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Research Papers: Heat Exchangers

# Thermal and Hydraulic Performance of Counterflow Microchannel Heat Exchangers With and Without Nanofluids

[+] Author and Article Information
Hamid Reza Seyf

Islamic Azad University, Karaj Branch, P.O. Box 31375-1746, Karaj, Tehran 3158777878, Iranhamid_seyf2001@yahoo.com

Islamic Azad University, Takestan Branch, Takestan, Qazvin 3158777878, Iran

J. Heat Transfer 133(8), 081801 (May 02, 2011) (9 pages) doi:10.1115/1.4003553 History: Received July 25, 2010; Revised December 14, 2010; Published May 02, 2011; Online May 02, 2011

## Abstract

This paper analyzes the thermal and hydraulic performance of a counterflow microchannel heat exchanger (CFMCHE) with and without nanofluid as working fluid. A 3D conjugate heat transfer simulation is carried out using a finite volume approach to evaluate the effects of inlet Reynolds number, Brownian motion, and volume fraction of nanoparticles on the pumping power, effectiveness, and performance index of CFMCHE. The accuracy of the code has been verified by comparing the results with those available in the literature. A single phase approach is used for the nanofluid modeling. The base fluid used in the analyses as a basis for comparison was pure water. Two types of nanofluids, namely, water-$Al2O3$ with a mean diameter of 47 nm and water-CuO with a mean diameter of 29 nm, each one with three different volume fractions, are utilized. In addition, two temperature dependent models for the thermal conductivity and viscosity of nanofluids that account for the fundamental role of Brownian motion are used. Calculated results demonstrate that the effectiveness and performance index of CFMCHE decrease with increasing Reynolds number. Moreover, it is observed that the relative enhancements in the pumping power become more prominent for higher values of Reynolds numbers. It was also found that the performance index and pumping power are not sensitive to volume fraction at higher and lower Reynolds numbers, respectively.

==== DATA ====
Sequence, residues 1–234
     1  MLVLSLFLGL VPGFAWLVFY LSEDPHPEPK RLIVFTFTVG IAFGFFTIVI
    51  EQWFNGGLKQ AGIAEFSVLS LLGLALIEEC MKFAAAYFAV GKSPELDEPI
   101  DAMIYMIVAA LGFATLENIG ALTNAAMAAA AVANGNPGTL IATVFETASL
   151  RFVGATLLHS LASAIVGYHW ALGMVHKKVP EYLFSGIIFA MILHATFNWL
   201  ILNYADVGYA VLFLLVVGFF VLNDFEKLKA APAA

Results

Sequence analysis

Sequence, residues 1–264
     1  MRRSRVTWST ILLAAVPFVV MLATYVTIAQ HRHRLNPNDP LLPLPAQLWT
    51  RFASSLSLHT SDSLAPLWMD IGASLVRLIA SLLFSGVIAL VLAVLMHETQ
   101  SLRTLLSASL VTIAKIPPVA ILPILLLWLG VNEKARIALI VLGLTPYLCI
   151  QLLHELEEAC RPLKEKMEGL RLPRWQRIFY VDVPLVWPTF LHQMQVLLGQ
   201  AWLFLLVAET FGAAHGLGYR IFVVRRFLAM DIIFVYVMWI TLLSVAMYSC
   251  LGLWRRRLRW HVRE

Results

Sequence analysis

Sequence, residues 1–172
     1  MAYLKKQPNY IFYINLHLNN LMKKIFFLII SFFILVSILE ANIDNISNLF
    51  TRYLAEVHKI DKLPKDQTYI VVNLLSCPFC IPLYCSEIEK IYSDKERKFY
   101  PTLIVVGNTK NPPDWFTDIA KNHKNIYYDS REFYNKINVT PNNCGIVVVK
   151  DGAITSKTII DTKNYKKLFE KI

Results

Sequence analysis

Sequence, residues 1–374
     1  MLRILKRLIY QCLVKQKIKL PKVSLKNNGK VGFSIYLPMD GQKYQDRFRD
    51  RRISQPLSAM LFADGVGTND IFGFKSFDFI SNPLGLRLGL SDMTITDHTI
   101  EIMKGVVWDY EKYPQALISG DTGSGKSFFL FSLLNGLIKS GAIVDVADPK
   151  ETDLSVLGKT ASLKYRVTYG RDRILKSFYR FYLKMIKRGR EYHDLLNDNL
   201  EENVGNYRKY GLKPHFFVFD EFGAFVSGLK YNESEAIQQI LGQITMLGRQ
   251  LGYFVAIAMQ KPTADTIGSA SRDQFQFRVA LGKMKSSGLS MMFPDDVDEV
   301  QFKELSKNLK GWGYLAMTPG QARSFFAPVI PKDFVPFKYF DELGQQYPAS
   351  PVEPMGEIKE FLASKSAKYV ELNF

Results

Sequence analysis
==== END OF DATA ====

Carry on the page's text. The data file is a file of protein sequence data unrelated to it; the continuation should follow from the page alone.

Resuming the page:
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## Figures

Figure 1

Schematic of the CFMCHE, computational domain, and coordinate system

Figure 2

Computational grid in CFMCHE

Figure 3

Comparison of variation in wall temperature distribution along a counterflow heat sink with different total flow rates

Figure 4

The temperature in CFMCHE at three different Reynolds numbers with water as working fluid

Figure 5

Effect of volume fraction on the effectiveness of the CFMCHE

Figure 6

Effect of volume fraction on the pumping power of the CFMCHE

Figure 7

Effect of volume fraction on the performance index of the CFMCHE

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